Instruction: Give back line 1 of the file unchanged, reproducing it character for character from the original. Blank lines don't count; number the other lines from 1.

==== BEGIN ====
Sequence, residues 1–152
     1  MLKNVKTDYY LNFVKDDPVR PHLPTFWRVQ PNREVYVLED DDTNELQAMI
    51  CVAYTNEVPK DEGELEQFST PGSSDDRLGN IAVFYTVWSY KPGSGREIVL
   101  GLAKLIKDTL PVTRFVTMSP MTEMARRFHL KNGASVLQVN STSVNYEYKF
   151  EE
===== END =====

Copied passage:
Sequence, residues 1–152